Recommended classes for every level

Whether you’re new to product photography or already working for a number of clients, use only speedlites or have multiple studio lights, we have just the class for you.

Speedlite product shoots

speedlite product shoot

If you only own speedlites or aren’t quite confident yet with studio lights, these classes will show you how to get amazing results using speedlites. Learn how to make use of fast flash duration to capture fast-moving objects and how to use multiple lights to get truly creative results.

One light product shoots

one light product shoot

These simple product lighting setups are just the thing to get you started if you’re new to studio lighting. Using only one light with basic modifiers, you’ll see how you can produce professional results by making use of simple accessories such as reflective cards, mirrors or flags to easily control your light.

Advanced studio lighting

Advanced studio lighting

Aimed at photographers already familiar with studio lighting, these classes demonstrate more advanced lighting techniques for product photography. Karl shows you how to use professional modifiers and valuable lighting techniques to create truly amazing results.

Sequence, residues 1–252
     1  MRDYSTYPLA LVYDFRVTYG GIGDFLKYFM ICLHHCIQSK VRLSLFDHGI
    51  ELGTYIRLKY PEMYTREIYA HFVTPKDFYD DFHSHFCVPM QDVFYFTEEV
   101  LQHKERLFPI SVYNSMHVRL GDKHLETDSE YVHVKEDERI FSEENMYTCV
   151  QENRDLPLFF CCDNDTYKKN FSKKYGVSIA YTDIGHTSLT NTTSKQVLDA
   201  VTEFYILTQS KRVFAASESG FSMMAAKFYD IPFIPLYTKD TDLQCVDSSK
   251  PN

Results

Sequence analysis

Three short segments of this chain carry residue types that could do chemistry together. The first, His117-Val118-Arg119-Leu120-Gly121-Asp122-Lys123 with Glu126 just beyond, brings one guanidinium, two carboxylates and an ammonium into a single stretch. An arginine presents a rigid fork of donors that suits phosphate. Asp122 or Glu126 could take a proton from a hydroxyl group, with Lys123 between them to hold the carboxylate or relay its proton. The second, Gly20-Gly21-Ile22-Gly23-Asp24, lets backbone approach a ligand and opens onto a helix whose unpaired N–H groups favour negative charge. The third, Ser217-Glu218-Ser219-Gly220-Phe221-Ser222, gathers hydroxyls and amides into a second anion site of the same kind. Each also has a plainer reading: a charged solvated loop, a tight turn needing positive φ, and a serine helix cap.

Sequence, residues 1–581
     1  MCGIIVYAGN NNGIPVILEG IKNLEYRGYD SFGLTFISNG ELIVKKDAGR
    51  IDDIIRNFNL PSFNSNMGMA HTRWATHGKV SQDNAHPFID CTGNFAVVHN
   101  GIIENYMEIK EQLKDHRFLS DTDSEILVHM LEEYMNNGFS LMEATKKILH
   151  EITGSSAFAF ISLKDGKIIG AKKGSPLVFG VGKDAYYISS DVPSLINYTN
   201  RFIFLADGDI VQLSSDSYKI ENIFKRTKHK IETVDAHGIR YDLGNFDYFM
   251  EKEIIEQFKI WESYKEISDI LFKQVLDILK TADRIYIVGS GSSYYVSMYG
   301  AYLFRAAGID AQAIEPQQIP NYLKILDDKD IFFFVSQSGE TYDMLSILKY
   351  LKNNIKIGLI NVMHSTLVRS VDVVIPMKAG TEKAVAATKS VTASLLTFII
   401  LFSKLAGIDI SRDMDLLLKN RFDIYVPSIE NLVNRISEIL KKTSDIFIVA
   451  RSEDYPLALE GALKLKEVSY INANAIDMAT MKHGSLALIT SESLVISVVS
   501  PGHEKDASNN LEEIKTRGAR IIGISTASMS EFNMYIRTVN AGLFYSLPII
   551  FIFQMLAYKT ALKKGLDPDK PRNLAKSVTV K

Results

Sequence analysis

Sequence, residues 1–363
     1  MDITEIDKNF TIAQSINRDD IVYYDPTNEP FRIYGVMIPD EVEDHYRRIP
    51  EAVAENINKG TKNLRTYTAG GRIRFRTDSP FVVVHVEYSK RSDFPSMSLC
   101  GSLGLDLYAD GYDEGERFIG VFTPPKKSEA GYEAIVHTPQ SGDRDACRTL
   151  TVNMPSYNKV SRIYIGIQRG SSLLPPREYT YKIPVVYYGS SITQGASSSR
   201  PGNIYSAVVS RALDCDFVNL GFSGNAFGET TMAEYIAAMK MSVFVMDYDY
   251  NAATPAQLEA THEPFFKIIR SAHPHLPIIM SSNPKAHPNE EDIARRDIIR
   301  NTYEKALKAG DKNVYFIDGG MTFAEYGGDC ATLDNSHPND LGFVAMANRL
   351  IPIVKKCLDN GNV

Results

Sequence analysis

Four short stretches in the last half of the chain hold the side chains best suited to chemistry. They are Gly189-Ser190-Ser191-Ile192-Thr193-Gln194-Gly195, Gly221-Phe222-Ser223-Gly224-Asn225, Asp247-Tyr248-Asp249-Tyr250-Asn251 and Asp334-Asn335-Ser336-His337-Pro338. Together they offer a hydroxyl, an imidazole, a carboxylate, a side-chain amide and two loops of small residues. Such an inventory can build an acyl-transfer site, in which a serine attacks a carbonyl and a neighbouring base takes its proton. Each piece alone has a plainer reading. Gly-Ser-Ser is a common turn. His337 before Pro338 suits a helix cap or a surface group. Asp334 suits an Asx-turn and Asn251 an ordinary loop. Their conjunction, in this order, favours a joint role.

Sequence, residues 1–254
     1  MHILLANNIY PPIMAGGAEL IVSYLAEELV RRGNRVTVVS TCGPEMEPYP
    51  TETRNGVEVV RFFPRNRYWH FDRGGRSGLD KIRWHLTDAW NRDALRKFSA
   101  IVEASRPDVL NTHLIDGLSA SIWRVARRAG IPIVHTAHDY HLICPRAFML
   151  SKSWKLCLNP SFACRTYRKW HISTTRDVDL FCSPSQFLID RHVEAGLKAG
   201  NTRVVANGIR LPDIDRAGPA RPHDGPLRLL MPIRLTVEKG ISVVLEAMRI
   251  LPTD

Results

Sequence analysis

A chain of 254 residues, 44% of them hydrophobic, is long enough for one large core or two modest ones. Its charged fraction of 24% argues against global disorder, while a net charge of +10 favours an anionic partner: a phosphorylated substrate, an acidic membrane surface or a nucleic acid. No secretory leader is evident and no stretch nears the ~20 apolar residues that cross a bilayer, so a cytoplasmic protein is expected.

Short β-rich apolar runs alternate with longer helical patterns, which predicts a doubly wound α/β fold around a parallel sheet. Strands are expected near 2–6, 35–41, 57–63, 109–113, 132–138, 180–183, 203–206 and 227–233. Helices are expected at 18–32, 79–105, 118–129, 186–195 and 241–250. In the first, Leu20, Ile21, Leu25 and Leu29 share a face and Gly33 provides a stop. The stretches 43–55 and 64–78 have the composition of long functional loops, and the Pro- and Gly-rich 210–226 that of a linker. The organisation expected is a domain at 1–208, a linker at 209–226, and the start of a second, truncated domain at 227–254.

Meet your tutor

Our product photography classes cover everything from basic to advanced, teaching you the steps required to achieve top results. You can also watch our live guest interviews with top photographers including Tim Flach and Barry Makariou, as well as a live workshop with product photographer David Lund.


Karl Taylor

Karl Taylor is a professional photographer with over 20 years experience. Known for his precise attention to detail and exquisite control of light, he specialises in commercial photography and, over the years, has worked with a number of international brands and global campaigns. Throughout these classes Karl shares his wealth of knowledge to help you achieve the very best results possible.

Take a look at Karl's portfolio.


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Happy photographers who have participated in our course

So much knowledge is passed on. Could have spent hundreds on books and still wouldn’t get the education I do from your courses."

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Start your product photography journey today

Enjoy some of the highlights from our most popular product photography classes.

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Alternatively check out our other courses! We offer classes in portrait photography, post production, food photography, fashion photography and the business of photography. Additionally, tune into our interactive live photography shows.